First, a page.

Ancient Greeks on the Human Condition

Themes in the Writings of Homer, Aristophanes, Euripides and Thucydides

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About the Book

This book examines the writings of four ancient Greeks–Homer, Thucydides, Euripides, and Aristophanes. Each of these four individuals represents a different approach toward the human condition, ranging from the heroic and tragic to the comic and absurd. This book focuses on how the human condition can best be understood within the framework of these four perspectives by examining the major contributions of these Greek writers, whether in the form of epic (Homer’s Iliad), history (Thucydides’ History of the Peloponnesian War), or drama (the plays of Euripides and Aristophanes). These various perceptions of Greek thought illuminate our understanding of what it means to be fully human. By focusing on the concepts of the heroic, tragic, comic, and absurd, we can see how these ancient Greek authors still provide key insights for us today as they clarify those timeless features that define the human condition.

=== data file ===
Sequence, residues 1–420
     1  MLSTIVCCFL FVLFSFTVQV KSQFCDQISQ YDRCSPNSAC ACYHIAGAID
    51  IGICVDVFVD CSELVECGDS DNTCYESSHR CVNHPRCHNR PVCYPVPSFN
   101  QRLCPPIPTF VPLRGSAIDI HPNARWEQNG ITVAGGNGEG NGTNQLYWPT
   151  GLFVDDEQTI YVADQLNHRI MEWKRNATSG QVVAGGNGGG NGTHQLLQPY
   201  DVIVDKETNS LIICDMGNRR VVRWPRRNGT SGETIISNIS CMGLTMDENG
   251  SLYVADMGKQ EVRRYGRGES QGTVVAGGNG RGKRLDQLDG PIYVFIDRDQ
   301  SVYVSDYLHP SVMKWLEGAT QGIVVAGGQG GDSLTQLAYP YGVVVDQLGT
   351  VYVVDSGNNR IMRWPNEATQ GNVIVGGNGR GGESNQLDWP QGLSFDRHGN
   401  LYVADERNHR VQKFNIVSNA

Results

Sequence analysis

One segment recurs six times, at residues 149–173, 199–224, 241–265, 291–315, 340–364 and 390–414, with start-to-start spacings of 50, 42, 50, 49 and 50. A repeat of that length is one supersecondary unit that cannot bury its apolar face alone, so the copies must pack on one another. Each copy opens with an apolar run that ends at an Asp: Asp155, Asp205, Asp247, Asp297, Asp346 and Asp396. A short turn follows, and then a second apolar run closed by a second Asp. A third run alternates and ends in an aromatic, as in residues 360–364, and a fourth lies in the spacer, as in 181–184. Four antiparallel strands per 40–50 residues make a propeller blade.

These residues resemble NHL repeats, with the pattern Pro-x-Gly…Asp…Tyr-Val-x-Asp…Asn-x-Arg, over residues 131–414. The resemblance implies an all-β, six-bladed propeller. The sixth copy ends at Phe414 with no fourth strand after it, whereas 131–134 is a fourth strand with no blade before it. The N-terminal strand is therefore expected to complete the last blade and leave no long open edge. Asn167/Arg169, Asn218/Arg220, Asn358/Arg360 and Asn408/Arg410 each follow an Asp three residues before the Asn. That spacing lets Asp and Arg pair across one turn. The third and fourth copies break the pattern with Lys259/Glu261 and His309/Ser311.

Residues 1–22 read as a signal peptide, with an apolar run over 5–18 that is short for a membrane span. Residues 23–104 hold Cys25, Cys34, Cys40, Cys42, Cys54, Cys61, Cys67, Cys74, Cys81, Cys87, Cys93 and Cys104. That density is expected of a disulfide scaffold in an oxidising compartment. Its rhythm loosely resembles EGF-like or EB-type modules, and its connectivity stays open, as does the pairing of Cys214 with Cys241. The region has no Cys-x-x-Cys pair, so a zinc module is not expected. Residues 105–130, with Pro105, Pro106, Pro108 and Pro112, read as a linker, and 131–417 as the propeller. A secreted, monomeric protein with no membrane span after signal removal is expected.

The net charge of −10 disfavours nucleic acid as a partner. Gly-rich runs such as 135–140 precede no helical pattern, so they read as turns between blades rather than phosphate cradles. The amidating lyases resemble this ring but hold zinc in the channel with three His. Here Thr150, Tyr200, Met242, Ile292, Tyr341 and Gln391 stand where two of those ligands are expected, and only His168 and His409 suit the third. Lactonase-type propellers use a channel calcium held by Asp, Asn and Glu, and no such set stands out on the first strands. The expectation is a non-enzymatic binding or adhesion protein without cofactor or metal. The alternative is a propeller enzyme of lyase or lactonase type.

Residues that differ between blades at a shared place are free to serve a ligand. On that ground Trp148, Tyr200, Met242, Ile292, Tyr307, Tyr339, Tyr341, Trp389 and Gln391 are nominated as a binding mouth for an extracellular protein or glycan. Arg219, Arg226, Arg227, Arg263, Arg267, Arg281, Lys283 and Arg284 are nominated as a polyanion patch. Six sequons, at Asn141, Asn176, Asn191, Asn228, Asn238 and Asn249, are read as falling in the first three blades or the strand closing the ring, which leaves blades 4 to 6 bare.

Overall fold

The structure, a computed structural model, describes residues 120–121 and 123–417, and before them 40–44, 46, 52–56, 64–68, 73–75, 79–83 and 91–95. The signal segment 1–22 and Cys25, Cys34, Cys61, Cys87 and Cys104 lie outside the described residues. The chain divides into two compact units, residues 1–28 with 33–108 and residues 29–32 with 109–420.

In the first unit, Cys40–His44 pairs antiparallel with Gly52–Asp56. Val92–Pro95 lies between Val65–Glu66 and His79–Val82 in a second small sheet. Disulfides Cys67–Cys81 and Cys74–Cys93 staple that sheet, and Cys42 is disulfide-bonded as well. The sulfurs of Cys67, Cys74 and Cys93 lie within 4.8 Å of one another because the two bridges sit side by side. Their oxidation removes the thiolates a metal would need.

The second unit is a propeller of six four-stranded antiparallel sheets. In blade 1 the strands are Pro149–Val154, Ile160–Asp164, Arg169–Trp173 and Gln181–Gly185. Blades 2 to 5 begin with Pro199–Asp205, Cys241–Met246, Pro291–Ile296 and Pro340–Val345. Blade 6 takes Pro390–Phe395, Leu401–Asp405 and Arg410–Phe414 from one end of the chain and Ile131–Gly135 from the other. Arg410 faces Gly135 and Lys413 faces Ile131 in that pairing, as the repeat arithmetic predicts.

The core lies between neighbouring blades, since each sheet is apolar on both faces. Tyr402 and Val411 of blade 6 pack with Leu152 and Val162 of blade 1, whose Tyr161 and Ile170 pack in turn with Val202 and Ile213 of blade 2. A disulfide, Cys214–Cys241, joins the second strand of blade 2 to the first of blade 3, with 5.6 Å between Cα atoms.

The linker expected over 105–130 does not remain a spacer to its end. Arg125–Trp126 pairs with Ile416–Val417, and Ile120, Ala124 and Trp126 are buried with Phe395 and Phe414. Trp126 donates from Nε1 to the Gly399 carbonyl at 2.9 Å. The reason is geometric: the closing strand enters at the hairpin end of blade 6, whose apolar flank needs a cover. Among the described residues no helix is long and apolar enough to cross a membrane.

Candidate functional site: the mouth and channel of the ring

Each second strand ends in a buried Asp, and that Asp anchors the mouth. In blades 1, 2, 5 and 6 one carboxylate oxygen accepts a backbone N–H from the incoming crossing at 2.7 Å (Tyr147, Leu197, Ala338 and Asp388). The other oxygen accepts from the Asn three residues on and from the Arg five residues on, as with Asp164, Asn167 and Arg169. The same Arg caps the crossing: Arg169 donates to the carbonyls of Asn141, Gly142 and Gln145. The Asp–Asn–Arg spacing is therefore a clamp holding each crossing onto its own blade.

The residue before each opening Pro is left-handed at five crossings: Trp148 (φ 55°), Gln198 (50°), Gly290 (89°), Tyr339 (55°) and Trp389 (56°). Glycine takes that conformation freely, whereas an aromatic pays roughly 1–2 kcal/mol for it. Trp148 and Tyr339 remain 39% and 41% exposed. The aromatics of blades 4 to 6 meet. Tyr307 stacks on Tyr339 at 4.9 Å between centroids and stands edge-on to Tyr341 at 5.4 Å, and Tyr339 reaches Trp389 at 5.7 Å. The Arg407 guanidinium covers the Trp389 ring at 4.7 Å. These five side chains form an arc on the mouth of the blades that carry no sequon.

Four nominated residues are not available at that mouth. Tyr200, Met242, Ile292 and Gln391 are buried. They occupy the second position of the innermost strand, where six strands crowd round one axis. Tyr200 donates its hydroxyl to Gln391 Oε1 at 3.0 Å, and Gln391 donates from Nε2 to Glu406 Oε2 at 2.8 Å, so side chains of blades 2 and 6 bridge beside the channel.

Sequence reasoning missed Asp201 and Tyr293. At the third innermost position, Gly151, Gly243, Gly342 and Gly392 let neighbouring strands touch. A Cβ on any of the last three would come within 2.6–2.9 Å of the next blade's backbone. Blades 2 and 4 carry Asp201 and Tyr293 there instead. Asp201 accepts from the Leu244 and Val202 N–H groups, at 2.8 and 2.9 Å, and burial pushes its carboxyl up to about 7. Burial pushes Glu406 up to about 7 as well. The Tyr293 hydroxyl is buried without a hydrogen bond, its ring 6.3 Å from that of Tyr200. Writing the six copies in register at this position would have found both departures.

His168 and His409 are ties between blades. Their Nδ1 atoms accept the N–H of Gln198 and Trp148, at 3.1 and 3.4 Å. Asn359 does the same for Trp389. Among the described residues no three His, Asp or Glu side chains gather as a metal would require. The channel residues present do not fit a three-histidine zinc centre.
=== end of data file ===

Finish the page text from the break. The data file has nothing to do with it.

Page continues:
About the Author(s)

Matthew Sims teaches humanities at Saint Petersburg College, Tarpon Springs campus, in Florida and has been teaching humanities for over 20 years at various academic institutions. He has also published an essay on Shakespeare’s Julius Caesar.

Bibliographic Details

Matthew Sims
Format: softcover (6 x 9)
Pages: 206
Bibliographic Info: 8 photos, notes, bibliography, index
Copyright Date: 2021
pISBN: 978-1-4766-7578-7
eISBN: 978-1-4766-4268-0
Imprint: McFarland

Table of Contents

Acknowledgments v
Preface 1
Introduction 3
One—A Humanities Perspective of the Human Condition 9
Two—Rediscovering the Ancient Greeks in the Modern World 21
Three—Four Greek Perspectives of the Human Condition 31
Four—War and the Heroic Worldview: Homer’s Iliad 46
Five—History as Tragic: Thucydides’ History of the Peloponnesian War 76
Six—Euripides and the Absurd: Iphigenia at Aulis and The Bacchae 102
Seven—Aristophanes’ Comic Vision: The Clouds and Lysistrata 130
Eight—Perceiving the Humanities Through Greek Eyes 159
Chapter Notes 179
Bibliography 187
Index 193